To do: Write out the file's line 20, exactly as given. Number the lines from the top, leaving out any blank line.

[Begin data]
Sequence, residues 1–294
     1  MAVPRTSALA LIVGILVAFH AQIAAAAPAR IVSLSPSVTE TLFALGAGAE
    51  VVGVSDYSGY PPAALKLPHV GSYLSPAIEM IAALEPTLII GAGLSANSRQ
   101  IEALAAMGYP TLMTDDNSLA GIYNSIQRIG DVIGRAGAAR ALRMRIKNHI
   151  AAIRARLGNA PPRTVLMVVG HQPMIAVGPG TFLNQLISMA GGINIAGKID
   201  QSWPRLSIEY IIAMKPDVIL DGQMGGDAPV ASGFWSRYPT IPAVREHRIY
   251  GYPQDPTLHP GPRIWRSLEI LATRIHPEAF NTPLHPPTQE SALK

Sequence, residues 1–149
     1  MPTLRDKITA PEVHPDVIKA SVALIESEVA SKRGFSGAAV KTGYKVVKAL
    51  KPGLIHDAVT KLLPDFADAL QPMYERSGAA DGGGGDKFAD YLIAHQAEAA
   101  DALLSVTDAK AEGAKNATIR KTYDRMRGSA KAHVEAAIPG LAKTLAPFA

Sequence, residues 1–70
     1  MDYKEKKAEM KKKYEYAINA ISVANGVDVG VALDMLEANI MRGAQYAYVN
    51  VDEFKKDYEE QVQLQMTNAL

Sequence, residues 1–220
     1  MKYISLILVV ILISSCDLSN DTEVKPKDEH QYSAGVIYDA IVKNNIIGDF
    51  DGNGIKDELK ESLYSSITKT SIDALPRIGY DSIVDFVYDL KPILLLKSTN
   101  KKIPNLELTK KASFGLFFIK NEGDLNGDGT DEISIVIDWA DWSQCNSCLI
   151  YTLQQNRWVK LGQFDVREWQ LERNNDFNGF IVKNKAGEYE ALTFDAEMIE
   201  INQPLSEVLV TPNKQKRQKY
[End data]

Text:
   201  INQPLSEVLV TPNKQKRQKY